Well, guess what? Now you can have both. The following method I'm going to take you through is far from the sophistication of major screen printing and reflow equipment, but it gets the job done — even double-sided SMT boards. You can do it right in your garage or workshop. It's possible to actually cut your assembly time, increase the quality of your designs, and open the door to all the mixed technology you want to experiment with.
I'll take you through all the steps using a prototype stencil tool developed specifically for your home shop and (don't laugh) a common toaster oven. Face it, building SMT boards at home will never be a “piece of cake,” but this new procedure should help make it a lot easier, and maybe save a little time and money by keeping more of your project in-house. Here's what we’ll be working with:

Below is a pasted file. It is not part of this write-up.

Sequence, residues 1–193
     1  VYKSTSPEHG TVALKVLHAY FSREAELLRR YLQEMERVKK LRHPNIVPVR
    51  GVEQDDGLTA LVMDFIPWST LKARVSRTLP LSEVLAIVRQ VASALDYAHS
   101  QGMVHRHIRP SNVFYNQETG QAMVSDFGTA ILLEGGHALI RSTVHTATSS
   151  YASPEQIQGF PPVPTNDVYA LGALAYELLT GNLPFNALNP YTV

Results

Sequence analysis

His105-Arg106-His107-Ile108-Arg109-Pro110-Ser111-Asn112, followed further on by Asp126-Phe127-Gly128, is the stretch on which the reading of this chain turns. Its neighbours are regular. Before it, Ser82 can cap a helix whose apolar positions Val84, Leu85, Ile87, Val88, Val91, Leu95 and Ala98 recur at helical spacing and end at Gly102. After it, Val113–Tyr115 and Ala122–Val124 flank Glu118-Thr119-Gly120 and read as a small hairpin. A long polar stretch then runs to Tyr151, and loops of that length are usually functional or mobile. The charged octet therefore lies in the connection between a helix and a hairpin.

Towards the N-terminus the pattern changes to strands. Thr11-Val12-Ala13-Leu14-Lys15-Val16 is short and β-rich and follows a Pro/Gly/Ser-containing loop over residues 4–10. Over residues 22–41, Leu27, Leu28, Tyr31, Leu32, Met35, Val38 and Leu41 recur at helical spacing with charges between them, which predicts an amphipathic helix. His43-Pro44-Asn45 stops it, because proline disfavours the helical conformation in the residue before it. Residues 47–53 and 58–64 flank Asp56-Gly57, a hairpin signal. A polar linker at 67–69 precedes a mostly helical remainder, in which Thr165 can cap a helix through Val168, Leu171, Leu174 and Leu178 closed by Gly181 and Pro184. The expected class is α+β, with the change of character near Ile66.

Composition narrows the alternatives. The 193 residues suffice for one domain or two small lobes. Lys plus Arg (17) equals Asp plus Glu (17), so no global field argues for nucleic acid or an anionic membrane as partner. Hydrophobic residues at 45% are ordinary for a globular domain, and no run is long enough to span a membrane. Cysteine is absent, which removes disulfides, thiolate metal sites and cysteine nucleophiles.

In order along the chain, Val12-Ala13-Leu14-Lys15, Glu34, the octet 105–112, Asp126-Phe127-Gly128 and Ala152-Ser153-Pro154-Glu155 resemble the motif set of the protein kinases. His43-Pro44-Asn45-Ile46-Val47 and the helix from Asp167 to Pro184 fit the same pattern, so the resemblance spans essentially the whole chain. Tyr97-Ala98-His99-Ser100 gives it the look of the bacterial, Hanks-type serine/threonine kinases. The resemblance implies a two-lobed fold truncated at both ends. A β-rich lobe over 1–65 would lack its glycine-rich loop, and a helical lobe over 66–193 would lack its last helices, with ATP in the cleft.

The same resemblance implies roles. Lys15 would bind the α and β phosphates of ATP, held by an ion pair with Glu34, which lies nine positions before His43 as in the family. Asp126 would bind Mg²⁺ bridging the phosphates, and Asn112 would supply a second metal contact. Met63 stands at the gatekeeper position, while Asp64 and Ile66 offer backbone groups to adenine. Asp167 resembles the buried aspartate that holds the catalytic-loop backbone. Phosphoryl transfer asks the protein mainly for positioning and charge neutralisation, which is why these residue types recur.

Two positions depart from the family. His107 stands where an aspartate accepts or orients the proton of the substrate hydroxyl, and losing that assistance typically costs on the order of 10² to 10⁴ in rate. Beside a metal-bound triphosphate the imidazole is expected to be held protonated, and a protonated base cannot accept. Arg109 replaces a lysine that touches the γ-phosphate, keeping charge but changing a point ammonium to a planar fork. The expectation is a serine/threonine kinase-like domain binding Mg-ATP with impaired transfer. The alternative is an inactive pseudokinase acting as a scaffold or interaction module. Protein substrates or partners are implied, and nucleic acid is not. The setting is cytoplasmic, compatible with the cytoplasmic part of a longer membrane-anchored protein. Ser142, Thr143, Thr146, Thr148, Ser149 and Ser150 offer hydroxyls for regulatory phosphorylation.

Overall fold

Reflow Temperature Indicator
Printed Wiring Board
SMT Placement Tools
These products and materials are available from PCBexpress (www.sunstone.com; now Sunstone Circuits), a vendor that I use to build my PCBs. Regardless of what vendor you select, all tools in home stencil kits basically work in the same way. There are only so many low-cost ways to screen print at home — and, a toaster oven is a toaster oven. Most sources have at least two levels of kits available. What you want depends on how "single source" you like to be. Of course, all kits offer complete "How-To" instructions.
First, you need to get your prototype stencil made. Although they're not just for prototype products, I like to call these stencils "prototype" to differentiate them from standard framed production stencils. These "frameless" type of stencils run from 50 percent to almost 85 percent less than the cost of conventional stencils.